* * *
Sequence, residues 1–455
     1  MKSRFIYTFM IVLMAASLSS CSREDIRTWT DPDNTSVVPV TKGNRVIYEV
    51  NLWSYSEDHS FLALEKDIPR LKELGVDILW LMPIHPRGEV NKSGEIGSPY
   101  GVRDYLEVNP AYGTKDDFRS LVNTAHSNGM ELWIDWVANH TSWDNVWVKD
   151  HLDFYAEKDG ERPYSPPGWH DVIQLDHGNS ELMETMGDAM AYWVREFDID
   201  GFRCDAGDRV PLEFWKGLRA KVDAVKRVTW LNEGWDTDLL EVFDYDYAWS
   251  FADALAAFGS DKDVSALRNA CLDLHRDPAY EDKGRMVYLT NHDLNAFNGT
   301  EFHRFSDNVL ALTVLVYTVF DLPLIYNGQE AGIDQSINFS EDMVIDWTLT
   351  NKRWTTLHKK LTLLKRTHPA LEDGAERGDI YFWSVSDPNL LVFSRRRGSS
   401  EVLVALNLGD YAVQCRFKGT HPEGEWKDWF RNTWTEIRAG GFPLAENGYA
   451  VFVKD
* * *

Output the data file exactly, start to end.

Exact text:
Sequence, residues 1–455
     1  MKSRFIYTFM IVLMAASLSS CSREDIRTWT DPDNTSVVPV TKGNRVIYEV
    51  NLWSYSEDHS FLALEKDIPR LKELGVDILW LMPIHPRGEV NKSGEIGSPY
   101  GVRDYLEVNP AYGTKDDFRS LVNTAHSNGM ELWIDWVANH TSWDNVWVKD
   151  HLDFYAEKDG ERPYSPPGWH DVIQLDHGNS ELMETMGDAM AYWVREFDID
   201  GFRCDAGDRV PLEFWKGLRA KVDAVKRVTW LNEGWDTDLL EVFDYDYAWS
   251  FADALAAFGS DKDVSALRNA CLDLHRDPAY EDKGRMVYLT NHDLNAFNGT
   301  EFHRFSDNVL ALTVLVYTVF DLPLIYNGQE AGIDQSINFS EDMVIDWTLT
   351  NKRWTTLHKK LTLLKRTHPA LEDGAERGDI YFWSVSDPNL LVFSRRRGSS
   401  EVLVALNLGD YAVQCRFKGT HPEGEWKDWF RNTWTEIRAG GFPLAENGYA
   451  VFVKD